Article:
A key facet of 5G relevant to enabling a rich set of applications at the edge is 5G’s promise to support multiple differentiated services with network slicing. So, continuing with the above example of fire-fighting drones, imagine the fire truck connected through 5G to the “cloud”. In spite of this being a valuable “tether”, the “edge computing” capability of such a solution would make it a fault tolerant and resilient application, as the fire truck could operate independently even if the 5G tether is disrupted or becomes impeded.
In all real-time applications, time plays a key role. Real-time applications will need assurances for “in time” actions / reactions taken to implement any practical and useful control in a feedback loop. In other words, collected data must be processed and actions (whether through analytics or actuator actions) must be completed promptly within a predefined time. This time period could vary from application to application, but would define the boundaries of the reaction time that the system could tolerate. In general then, it makes sense to implement an edge computing architecture that limits this reaction time (which in turn is dependent on the inherent latency of the system) as much as possible to appeal to as broad a set of such real time applications as possible.
A different dimension of real time systems is the need to understand the association between data and time. The time that a data was generated can be critical in comprehending its relationship to other data generated elsewhere in the system (an example of this would be sensor data streams gathered from the sensors around a vehicle or drone). In other cases, time associations with data would be critical in determining the sequence of events and establish (for example cause and effect in an event log where events are occurring in different parts of a distributed system). Thus, having all the data accurately associated with a common (and synchronized) common clock would be essential to making any sense of the actual phenomena in the system. This would also be a fundamental building block to establishing an autonomous system(s).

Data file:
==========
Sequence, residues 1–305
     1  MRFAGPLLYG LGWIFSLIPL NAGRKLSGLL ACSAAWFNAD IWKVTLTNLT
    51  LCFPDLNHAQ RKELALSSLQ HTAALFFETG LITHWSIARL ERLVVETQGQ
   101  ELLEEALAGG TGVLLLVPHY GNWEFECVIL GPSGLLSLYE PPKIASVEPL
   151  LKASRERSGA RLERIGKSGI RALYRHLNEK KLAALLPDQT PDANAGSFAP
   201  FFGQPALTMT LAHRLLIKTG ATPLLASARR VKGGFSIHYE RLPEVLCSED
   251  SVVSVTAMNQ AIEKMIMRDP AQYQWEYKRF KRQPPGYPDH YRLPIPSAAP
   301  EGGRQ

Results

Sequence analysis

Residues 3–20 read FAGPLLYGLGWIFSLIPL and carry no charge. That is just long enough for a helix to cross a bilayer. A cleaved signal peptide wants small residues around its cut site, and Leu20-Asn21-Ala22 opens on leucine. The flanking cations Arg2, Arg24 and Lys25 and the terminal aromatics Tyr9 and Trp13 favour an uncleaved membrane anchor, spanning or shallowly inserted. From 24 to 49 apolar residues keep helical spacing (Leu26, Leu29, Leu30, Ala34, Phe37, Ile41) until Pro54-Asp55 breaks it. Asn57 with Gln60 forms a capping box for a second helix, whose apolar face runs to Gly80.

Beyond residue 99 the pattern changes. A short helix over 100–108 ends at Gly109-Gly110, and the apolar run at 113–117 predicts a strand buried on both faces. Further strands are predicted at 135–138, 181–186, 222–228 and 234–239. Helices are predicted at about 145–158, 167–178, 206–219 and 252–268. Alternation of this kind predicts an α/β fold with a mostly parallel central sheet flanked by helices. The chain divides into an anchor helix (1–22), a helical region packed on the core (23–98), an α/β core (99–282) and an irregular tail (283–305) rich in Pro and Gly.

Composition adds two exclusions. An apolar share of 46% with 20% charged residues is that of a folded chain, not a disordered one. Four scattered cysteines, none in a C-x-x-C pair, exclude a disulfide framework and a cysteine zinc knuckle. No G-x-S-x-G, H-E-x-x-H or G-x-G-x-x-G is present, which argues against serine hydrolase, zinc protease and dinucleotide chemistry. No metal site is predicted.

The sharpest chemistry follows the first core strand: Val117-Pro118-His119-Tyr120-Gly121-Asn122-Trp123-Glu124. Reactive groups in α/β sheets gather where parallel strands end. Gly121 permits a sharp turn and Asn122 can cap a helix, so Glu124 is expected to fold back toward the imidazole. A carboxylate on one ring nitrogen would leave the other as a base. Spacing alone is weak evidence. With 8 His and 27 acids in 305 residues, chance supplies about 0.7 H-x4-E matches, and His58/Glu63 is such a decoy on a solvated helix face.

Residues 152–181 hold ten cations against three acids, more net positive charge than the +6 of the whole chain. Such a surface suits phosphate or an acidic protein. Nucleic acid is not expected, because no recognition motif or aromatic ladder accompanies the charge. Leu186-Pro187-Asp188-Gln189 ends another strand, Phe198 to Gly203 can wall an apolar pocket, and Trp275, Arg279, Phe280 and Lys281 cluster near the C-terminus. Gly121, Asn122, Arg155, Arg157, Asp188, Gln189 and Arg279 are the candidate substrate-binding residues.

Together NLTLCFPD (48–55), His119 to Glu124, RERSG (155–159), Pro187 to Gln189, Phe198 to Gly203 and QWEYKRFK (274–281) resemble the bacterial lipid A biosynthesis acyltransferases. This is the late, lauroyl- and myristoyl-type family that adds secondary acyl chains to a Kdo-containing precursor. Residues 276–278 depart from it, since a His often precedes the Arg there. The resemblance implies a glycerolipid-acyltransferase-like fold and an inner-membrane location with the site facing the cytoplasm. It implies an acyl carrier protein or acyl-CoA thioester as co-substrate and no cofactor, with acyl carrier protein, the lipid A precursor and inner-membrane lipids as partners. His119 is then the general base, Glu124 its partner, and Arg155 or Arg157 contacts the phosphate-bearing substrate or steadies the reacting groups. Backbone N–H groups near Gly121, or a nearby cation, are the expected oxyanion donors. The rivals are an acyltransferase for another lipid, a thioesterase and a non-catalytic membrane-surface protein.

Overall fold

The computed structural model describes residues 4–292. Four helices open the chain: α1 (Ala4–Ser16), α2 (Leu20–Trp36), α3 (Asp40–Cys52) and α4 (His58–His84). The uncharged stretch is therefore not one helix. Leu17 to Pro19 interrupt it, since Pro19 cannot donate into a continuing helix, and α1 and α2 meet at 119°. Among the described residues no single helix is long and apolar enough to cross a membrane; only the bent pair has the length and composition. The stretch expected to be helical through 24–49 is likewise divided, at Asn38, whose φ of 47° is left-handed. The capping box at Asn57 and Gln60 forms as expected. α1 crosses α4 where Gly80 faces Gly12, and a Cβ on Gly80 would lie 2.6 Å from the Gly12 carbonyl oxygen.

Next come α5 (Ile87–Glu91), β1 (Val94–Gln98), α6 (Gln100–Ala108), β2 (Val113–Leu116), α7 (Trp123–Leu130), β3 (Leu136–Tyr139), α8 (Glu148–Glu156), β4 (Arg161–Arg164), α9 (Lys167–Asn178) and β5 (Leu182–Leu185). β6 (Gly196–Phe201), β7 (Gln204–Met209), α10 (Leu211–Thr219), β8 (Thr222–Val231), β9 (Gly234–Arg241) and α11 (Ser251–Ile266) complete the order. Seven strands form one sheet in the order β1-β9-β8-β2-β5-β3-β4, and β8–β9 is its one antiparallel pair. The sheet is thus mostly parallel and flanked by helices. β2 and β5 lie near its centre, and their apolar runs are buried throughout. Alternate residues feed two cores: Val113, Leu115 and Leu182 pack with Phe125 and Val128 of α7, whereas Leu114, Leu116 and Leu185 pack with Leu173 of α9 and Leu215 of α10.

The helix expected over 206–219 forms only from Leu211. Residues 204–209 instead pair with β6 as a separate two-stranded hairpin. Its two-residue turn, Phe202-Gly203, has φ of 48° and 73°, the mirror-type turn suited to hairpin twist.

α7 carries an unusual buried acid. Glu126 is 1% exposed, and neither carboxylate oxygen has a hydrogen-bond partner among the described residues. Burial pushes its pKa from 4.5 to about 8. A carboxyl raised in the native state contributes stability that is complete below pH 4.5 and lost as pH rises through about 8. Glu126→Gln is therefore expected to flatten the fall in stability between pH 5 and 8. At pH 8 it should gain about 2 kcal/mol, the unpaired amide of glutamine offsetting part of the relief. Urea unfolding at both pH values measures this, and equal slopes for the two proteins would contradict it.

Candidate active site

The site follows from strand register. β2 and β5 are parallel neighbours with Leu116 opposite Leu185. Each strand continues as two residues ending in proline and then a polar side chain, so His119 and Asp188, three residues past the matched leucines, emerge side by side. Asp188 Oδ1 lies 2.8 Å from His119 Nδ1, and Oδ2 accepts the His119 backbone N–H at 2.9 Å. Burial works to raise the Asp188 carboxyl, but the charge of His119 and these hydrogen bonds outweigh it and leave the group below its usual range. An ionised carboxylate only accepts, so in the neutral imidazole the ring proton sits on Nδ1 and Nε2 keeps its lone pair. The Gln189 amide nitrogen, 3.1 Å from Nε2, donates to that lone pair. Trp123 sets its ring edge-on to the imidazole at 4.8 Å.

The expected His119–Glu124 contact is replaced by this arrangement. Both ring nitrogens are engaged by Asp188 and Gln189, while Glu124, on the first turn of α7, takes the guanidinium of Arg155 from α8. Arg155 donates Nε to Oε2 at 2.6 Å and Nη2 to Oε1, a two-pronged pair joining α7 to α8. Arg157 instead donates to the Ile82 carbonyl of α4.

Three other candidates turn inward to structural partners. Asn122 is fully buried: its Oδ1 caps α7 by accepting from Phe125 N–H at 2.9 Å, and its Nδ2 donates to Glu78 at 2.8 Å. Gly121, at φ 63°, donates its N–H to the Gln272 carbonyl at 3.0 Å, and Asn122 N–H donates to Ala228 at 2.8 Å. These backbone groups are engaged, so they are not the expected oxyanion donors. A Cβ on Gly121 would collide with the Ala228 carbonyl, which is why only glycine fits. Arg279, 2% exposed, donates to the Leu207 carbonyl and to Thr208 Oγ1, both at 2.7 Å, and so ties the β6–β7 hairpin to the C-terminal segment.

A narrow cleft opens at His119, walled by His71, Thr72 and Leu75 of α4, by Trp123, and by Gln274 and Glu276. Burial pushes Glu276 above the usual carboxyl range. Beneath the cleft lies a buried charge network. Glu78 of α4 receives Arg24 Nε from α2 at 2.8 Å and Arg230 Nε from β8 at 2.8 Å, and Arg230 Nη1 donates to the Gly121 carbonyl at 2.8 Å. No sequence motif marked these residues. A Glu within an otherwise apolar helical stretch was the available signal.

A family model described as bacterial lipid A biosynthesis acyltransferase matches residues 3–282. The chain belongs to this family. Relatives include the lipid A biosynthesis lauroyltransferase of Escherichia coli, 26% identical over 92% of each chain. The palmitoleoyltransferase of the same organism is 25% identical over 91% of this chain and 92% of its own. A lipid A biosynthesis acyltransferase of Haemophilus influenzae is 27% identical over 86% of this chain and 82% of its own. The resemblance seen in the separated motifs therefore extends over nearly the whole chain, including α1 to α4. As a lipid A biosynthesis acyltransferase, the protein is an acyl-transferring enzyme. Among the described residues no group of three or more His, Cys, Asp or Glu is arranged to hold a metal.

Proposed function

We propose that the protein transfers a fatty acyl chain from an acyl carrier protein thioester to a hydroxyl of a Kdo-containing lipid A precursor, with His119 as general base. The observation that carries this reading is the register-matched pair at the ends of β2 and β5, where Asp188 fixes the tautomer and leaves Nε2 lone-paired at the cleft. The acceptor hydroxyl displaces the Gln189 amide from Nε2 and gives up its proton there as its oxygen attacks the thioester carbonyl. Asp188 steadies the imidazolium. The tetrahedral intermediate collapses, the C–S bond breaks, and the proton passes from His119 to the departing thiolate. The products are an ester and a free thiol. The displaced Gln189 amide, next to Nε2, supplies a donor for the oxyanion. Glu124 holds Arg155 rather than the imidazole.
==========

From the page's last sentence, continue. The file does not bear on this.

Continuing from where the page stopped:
Thus, the concepts of latency and time synchronization are distinct factors and each is important in its own unique set of applications. And, in some cases these overlap.
Expanding on the above previous example of firefighting drones, we can clarify these two concepts and appreciate the role each plays in such applications. Latency between the data from sensors (video streams, temperature readings, wind speeds etc.) and the edge computing platform in the fire truck should be minimized so that the applications can guide the drones to react quickly to any developing or changing situation. Latency has minimal effect on the ability to make deductions from the stream of data received. On the other hand, if the edge computing system is trying to understand the patterns from data and make deductions about the cause (or the direction) of the fire’s spread it is critical that the disparate data streams (including video streams) have accurate accurately synchronized time stamps, so that it is clear which direction the fire is spreading, or the cause and effect relationship between two events. In this particular application, it may be more critical to have precise time synchronization than reducing latency (a 20 millisecond difference may not have much impact). In some other applications, the opposite may apply.
Real time systems and systems of systems need a collection of technologies operating in a coordinated fashion to achieve the promise of improvements, automation, efficiencies and agility. In order to take meaningful steps towards a world of high fidelity integration and enhance self-monitoring, a skilled data management architecture is needed. In the case of all real time systems, such data architectures are meaningless without full context of time synchronization and location. Leveraging technologies such as 5G, edge computing, time synchronization, at the network edge to provide a buffer between IIoT platforms and hyper-scalers would be a key step towards realizing industry 4.0.